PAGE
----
>Originally posted May 19, 2007.
Look at these tattoos. They surely represent more than just something nice and cool to look at. These engravings speak of something that matters to the one wearing them. They represent death, life and the madness of it all. That ugly truth staring you right in the face.
For me, to have a tattoo inked forever in the flesh should definitely mean something more than wanting to show it in front of your buddies, looking at yourself in the mirror, wearing that tank top wife beater…
The more shit you show off with, the more unsatisfied you are with your miserable life and looks. If you’re happy sporting the latest fashion tattoo, then fine. It’s your choice and you’ll have to live with it. If you’re in it for looks only then you’re just vain. Nothing wrong with that as long as you’re aware of your vanity and lack of confidence.
That’s how I see it. Or rather, that’s how I’d look upon myself if I had tattoos that meant nothing to me.
The tattoos I have are for me, not for somebody else. They represent something I truly believe in. As cliche as it may sound, that’s what matters. Still, to each his own, as they say.
The Public Enemy symbol
First and foremost, I got this made because Fear of A Black Planet by Public Enemy is one of my top five albums of all times, all genres included. It means so much to me for so many reasons, I’ll probably dedicate a whole post to this amazing work of art someday (the album – not the tattoo), even though it deserves an essay, maybe even a book. It’s that good. But it needs to be remastered! The levels are way too low and it bugs the hell out of me everytime I listen to it.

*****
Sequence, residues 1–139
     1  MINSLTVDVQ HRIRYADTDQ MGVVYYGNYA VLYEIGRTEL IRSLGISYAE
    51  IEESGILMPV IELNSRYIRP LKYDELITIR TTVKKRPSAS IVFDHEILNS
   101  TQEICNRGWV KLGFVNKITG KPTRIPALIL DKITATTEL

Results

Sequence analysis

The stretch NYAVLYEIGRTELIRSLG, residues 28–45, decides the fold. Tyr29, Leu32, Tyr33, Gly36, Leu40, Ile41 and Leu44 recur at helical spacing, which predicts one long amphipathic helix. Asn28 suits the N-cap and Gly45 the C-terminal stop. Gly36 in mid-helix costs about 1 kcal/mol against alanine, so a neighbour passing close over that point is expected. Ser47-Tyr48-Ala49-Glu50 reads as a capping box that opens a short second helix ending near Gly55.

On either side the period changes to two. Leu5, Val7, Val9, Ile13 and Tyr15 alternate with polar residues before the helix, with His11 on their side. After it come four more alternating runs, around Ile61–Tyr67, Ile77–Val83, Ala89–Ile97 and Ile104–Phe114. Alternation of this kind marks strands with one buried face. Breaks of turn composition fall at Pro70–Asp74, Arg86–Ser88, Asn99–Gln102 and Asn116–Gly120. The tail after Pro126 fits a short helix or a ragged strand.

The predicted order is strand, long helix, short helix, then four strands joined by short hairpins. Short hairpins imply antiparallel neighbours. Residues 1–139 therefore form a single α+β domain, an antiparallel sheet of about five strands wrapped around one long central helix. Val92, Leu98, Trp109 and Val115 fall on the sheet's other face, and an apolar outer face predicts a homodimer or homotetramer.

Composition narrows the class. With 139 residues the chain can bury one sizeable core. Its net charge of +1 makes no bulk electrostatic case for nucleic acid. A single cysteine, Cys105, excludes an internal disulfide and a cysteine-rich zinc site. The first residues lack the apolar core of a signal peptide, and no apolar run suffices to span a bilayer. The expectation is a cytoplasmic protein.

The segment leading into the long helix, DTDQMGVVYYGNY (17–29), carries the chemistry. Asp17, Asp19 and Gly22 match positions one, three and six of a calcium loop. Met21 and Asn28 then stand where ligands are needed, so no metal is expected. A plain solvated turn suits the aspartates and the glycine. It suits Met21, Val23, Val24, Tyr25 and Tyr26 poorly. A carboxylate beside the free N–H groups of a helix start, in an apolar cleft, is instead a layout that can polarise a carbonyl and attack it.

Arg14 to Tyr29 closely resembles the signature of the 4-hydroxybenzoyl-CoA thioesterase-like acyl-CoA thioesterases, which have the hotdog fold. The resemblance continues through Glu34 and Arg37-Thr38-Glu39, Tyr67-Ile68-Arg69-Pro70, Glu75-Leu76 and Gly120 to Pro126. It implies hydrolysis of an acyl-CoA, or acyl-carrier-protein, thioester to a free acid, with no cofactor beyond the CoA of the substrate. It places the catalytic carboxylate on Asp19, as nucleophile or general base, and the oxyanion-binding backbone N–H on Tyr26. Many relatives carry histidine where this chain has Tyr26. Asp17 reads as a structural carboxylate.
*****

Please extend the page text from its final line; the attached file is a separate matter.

The symbol pictures a man in a classic hip-hop pose, arms folded, caught in the sniper’s crosshairs. This man is about to be taken down by the people in power, because he’s a public enemy and thus automatically an enemy of the state. (Actually, the man is apparently E Love, L.L. Cool J.’s sidekick at the time, and the symbol is drawn by Chuck D. himself, but that’s another story…)
To me this symbol represents rebellion, courage and the will to power – power to the people, to the individual and to the true folk soul, the spirit in man. To never deny your convictions. No comply!
As for the “will to power” concept, as coined by Nietzsche, it does not mean “a desire for and of power” as — for example — the Nazis interpreted it, but rather a display of creative energy put to use. And a whole lot more. Also, Nietzsche’s Will to Power manuscript was extensively manipulated and falsely edited by his fanatically anti-Semitic sister, Elisabeth Förster-Nietzsche. Go figure.
I do not speak to the weak: they want to obey and generally lapse into slavery quickly. In the face of merciless nature, let us still feel ourselves as merciless nature! But I have found strength where one does not look for it: in simple, mild, and pleasant people, without the least desire to rule—and, conversely, the desire to rule has often appeared to me a sign of inward weakness: they fear their own slave soul and shroud it in a royal cloak.
It’s about respect — a word that’s been extremely worn out and lost its meaning a long time ago in the hip-hop community, where it is commonly used, thanks to soulless, mindless fucks praising the shit that flows on MTV.
Respect and rebellion. Evolution of the mind.
The PE symbol was engraved into my right arm by Mange at Evil Eye Tattoo, in 2001, I think.
To be continued…